Arthur Conmy

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I think this post provides some pretty useful arguments about the downsides of pausing AI development. I feel noticeably more pessimistic about a pause going well having read this.

However, I don't agree with some of the arguments about alignment optimism and think they're a fair bit weaker

When it comes to AIs, we are the innate reward system

Sure, we can use RLHF/related techniques to steer AI behavior. Further,

[gradient descent] is almost impossible to trick 

Sure, unlike in most cases in biology, ANN updates do act on the whole model without noise etc. 

But there are worries about what happens when AIs get predictably harder to evaluate as they reach superhuman performance on more tasks that are still very real given all of this! You mention scalable oversight research so it's clear you are aware that this is an open problem, but I don't think this post emphasises enough how most alignment work recognises a pretty big difference between aligning subhuman systems and superhuman systems, which limits the optimism you can get from GPT-4 seeming basically aligned. I think it's possible that with tons of compute and aligned weaker AIs (as you touch upon) we can generalize to aligned GPT-5, GPT-6 etc. But this feels like a pretty different paradigm to the various analogies to the natural world and the current state of alignment!

On a macro-level you could consider extreme AI Safety asks followed by moderate asks to be an example of the Door-in-the-face technique (which has a psychological basis and seems to have replicated)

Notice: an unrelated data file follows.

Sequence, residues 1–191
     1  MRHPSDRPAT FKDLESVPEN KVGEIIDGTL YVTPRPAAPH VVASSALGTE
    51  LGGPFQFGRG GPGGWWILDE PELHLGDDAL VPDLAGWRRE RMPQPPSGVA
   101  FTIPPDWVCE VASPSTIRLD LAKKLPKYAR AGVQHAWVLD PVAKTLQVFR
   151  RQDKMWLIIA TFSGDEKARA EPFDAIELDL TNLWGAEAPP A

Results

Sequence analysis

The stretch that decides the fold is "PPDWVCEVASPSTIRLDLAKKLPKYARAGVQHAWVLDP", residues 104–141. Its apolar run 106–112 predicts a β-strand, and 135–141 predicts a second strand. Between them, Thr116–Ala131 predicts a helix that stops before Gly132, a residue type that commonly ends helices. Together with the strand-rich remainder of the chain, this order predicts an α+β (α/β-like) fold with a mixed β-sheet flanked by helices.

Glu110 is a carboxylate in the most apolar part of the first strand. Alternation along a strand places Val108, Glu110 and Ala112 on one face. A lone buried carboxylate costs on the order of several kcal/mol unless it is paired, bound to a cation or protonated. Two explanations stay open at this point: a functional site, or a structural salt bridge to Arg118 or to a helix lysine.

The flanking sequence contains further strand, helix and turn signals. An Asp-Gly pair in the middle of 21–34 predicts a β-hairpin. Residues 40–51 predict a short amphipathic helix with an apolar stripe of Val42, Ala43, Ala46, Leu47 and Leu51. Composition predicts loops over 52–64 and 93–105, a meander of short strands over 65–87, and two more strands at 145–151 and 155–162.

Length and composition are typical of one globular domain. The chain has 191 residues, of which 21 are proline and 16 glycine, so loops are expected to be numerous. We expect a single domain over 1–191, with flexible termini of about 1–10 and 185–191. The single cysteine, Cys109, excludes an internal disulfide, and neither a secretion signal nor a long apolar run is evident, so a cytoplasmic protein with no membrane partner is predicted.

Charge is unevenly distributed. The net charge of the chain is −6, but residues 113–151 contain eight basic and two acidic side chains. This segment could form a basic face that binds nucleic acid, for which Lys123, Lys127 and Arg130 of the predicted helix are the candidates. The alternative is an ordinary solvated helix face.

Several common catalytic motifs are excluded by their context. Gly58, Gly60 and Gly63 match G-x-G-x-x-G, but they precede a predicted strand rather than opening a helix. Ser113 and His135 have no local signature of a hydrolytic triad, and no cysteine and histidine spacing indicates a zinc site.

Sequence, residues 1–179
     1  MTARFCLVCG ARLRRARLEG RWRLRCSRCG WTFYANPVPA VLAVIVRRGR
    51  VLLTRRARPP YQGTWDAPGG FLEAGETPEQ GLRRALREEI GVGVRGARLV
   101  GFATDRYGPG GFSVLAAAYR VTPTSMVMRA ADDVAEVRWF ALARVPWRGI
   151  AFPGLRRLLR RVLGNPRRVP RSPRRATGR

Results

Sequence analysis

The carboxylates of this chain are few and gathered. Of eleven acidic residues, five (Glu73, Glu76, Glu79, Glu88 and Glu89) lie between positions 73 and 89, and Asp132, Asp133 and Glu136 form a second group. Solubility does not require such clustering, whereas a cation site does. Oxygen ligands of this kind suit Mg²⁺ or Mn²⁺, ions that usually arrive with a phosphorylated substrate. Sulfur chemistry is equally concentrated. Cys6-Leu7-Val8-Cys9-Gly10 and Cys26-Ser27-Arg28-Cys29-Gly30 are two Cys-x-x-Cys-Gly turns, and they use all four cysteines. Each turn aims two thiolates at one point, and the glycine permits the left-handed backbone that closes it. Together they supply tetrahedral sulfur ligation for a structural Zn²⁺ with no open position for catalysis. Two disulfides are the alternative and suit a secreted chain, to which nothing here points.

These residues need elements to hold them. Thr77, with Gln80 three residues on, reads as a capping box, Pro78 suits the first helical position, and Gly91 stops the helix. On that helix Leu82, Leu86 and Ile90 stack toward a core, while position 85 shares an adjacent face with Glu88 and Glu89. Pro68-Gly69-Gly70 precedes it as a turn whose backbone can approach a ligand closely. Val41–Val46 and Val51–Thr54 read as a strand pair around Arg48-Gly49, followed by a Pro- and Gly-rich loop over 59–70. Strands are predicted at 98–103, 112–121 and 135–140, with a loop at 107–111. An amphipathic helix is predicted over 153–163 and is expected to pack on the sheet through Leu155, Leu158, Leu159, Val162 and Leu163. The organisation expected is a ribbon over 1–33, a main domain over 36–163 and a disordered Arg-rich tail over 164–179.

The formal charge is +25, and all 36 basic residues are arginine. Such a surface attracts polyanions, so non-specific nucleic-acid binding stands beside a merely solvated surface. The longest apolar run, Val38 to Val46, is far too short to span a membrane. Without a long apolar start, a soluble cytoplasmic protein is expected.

CC that expands on "hands-on" experience in alignment. 

I don't know of any writing that directly contradicts these claims. I think indirectly contradicts these claims as it broadly criticizes most empirical approaches and is more open to conceptual approaches.

For capabilities things, is pretty good (though some things the author is very excited about I find underwhelming).

EDIT: weekly quick summaries of papers

There are some recent posts, for example this one that are just the intro and outro (22 seconds long) and miss the main post. Would be great if this bug could be fixed.

What were/are your basic and relevant questions? What were AIS folks missing?

I liked this post because of I've been thinking about similar issues recently, but find some of the conclusions strange. For example, isn't there a "generalised trolley problem" for any deontologist who asserts that rule X should be followed:

Aha! So you follow rule X? Well what if I told you that person over there will violate rule X twice unless you break rule X in the next 5 minutes?


Why is this relevant? I don't think at this point the deontologist holds up their hands upon hearing any example of the above and denounces their theory. I think they add another rule that allows them to violate their former rule*. I think more needs to be done to prove that the boundary cases for utilitarianism are wild, but they are not  out of the ordinary for deontological ethics.

* and I see this as about as wild as when the utilitarian doesn't voluntarily harvest organs because of "societal factors", and has to add this  to their utility function (here:

This is great and you should make a LW post; these are in a really nice format for shunting around. 

As a small nit: any idea why the first few essays of the Codex ( are not here?